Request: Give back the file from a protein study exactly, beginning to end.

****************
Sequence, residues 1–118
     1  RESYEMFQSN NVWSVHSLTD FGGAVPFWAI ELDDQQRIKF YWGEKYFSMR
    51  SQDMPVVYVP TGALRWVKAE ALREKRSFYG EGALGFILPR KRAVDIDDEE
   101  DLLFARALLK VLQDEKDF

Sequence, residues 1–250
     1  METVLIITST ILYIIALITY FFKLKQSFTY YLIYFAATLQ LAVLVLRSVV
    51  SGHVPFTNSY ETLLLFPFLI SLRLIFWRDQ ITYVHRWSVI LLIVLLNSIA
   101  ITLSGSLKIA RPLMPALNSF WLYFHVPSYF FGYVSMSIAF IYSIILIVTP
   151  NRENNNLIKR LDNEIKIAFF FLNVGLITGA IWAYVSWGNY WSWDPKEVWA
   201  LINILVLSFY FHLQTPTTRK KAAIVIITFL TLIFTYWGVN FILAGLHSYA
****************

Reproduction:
Sequence, residues 1–118
     1  RESYEMFQSN NVWSVHSLTD FGGAVPFWAI ELDDQQRIKF YWGEKYFSMR
    51  SQDMPVVYVP TGALRWVKAE ALREKRSFYG EGALGFILPR KRAVDIDDEE
   101  DLLFARALLK VLQDEKDF

Sequence, residues 1–250
     1  METVLIITST ILYIIALITY FFKLKQSFTY YLIYFAATLQ LAVLVLRSVV
    51  SGHVPFTNSY ETLLLFPFLI SLRLIFWRDQ ITYVHRWSVI LLIVLLNSIA
   101  ITLSGSLKIA RPLMPALNSF WLYFHVPSYF FGYVSMSIAF IYSIILIVTP
   151  NRENNNLIKR LDNEIKIAFF FLNVGLITGA IWAYVSWGNY WSWDPKEVWA
   201  LINILVLSFY FHLQTPTTRK KAAIVIITFL TLIFTYWGVN FILAGLHSYA